Second, within the context of this covenant, God includes everything upon the earth. God makes a global covenant in order to declare a sort of new world order. The reference to Noah’s offspring includes even us today. This global covenant ultimately points toward the new covenant in Christ that ushers in the process of recreation. God establishes His covenant with all the earth because God will one day redeem all of creation.[2]


This is the basic premise of God’s covenant with the earth: He will not use a flood again to destroy the earth. At once, we are able to behold grace. How good is it to know that God will not annihilate the earth in the manner of the great flood again! This must have been glorious news for Noah and his family of survivors. Surely, without this promise, there would have been some post-traumatic stress associated with each rainfall. But they were to fear not because God would never use the great deluge again.

However, we also should notice a brooding undertone of foreboding. God only states that He will never again destroy the earth with a flood. This does not mean that God will never again destroy the earth; instead, He simply promises that a flood will not be His vehicle for doing so. Indeed, we can read in the third chapter of 2 Peter that God will destroy the earth again, but this time He will use fire.


Most of the divine covenants within the Bible carry with them a sign. The sign of the Abrahamic covenant was circumcision. The Mosaic covenant had the written law of God. The New Covenant in Christ has the Lord’s Supper and baptism observed in remembrance of the covenantal conditions. Likewise, the Noahic covenant is sealed with a God’s bow within the clouds.  There are many important thoughts that we can derive from God’s use of a bow.

First, though the text does not say explicitly rainbow, we can reasonably understand that God is referencing it. Yes, the actual word is simply bow, the same word used for a warrior’s bow. Thus, after the outpouring of His wrath, God has symbolically set His bow in the sky in the same way that a warrior would place the bow in its place following a battle. Every rain that would bring fear and recollection of judgment to Noah, now also brought a sign of God’s mercy. Furthermore, notice the direction of the bow. The bow of God’s wrath is no longer facing toward the earth but rather toward God Himself. Christian, we have been spared the wrath of God only because the entirety of it fell upon Christ, in our place.

Second, take note of the rainbow’s timing. It will only appear in the sky following a storm. Often the greatest expressions of God’s mercy, grace, and love follow the clearest depictions of His anger and wrath. God’s grace always appears at the conjunction between the storm of God’s wrath and the sun of God’s love. Like the rainbow, the sacrifice of Christ came in this way, the meeting of wrath and love. We no longer need to fear the storm of God’s wrath because it has all been absorbed in His Son.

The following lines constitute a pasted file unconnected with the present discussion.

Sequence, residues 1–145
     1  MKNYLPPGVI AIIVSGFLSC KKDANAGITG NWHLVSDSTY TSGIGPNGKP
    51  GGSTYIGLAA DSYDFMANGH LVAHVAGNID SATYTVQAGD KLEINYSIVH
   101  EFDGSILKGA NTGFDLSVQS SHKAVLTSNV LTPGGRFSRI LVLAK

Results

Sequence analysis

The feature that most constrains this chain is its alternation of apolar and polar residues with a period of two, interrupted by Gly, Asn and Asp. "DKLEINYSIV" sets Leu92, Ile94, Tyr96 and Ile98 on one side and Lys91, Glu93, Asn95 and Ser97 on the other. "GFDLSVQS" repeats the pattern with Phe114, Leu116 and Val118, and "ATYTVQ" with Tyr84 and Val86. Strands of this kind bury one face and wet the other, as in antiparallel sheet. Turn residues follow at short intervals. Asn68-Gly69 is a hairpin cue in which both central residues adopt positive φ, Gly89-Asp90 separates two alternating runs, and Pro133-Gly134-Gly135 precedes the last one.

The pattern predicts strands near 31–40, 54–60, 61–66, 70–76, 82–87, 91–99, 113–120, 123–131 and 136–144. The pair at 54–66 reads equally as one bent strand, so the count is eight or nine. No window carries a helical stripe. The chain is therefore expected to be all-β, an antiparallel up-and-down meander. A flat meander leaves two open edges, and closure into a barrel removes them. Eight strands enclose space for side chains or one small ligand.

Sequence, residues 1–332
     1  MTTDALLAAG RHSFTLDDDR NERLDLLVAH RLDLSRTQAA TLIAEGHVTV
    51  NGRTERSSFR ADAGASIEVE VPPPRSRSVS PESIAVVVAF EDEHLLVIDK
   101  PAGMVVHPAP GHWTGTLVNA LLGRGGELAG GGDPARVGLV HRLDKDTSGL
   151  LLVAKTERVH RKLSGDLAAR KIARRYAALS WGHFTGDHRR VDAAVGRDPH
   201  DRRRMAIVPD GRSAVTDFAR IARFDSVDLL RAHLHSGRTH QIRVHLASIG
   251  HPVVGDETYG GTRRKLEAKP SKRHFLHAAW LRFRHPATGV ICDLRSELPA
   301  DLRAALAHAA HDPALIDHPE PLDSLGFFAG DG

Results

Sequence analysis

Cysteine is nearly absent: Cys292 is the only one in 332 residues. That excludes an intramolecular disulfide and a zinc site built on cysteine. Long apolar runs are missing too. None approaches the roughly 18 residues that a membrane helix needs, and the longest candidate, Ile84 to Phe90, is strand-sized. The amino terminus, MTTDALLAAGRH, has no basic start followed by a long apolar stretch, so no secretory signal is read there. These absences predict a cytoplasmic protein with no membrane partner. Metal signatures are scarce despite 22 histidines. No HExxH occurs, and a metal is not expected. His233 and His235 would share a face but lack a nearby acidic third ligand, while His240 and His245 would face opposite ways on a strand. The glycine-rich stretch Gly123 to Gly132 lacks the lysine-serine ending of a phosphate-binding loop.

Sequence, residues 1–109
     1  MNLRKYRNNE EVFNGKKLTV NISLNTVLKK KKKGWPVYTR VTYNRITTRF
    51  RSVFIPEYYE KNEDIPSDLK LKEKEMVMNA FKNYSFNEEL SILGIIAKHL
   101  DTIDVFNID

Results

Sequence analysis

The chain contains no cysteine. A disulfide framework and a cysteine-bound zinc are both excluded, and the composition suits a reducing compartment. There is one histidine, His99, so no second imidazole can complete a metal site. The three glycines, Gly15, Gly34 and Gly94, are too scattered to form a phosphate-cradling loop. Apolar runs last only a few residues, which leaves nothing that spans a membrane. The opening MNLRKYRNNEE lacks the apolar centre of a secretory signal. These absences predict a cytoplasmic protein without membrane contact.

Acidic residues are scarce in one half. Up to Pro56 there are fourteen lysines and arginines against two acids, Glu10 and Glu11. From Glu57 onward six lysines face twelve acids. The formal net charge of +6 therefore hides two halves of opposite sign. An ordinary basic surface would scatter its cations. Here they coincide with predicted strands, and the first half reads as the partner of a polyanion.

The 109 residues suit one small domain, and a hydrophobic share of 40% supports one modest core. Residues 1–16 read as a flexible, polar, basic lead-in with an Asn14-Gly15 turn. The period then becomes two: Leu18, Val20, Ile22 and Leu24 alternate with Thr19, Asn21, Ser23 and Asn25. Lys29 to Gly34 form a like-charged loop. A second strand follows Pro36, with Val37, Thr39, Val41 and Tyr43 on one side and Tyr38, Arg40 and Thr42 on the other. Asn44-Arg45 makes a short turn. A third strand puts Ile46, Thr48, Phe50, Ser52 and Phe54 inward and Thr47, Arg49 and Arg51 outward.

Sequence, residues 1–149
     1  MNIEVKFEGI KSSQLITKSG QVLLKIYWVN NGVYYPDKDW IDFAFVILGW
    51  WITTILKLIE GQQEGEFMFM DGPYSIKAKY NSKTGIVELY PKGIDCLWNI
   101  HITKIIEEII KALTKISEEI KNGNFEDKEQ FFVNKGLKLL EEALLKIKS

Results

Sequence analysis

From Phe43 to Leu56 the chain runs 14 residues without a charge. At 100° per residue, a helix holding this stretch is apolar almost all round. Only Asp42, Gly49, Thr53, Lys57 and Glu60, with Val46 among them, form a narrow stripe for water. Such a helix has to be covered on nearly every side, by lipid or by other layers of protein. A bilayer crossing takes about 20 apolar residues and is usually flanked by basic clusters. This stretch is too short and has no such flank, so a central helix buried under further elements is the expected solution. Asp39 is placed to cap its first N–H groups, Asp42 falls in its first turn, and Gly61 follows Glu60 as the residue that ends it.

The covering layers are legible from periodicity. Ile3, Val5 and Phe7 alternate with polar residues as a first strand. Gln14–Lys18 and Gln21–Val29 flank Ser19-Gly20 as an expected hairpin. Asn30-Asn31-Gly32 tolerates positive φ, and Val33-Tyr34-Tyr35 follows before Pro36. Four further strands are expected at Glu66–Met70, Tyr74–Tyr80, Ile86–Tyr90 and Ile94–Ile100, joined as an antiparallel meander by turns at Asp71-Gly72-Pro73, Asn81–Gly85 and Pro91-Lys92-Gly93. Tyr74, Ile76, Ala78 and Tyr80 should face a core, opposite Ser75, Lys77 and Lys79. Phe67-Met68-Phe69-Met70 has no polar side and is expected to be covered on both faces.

Third, does all of this mean that God no longer has use for His wrath? Is God now displaying His grace to Noah in anticipation of never needing again His wrath? No, we saw in verses five and six that God already made provisions for the inevitable murders. God knows that the sinful human condition will not improve with Noah. Nevertheless, God resolves to show grace and mercy upon humanity. The unilaterality of the covenant is evident through the repeated use of I have or I will or I have established. God is doing all the work within this covenant. He is the one performing it. Likewise, the sign is not primarily for our remembrance but for God’s. Once again, we understand that God is not forgetful; instead, it is the same principle as seen in verse one of chapter eight. God’s remembrance always leads to His intervention. I believe that Spurgeon says it best in one of his meditations upon this verse:

Oh! it is not my remembering God, it is God’s remembering me which is the ground of my safety; it is not my laying hold of his covenant, but his covenant’s laying hold on me. Glory be to God! It is not of man, neither by man, but of the Lord alone. We should remember the covenant, and we shall do it, through divine grace; but the hinge of our safety does not hang there-it is God’s remembering us, not our remembering him; and hence the covenant is an everlasting covenant.[3]

[1] For more general information on covenants, see the Doctrines in View section at the end of this chapter.

[2] Romans 8:21

[3] Spurgeon, Charles. Morning & Evening. August 13, evening.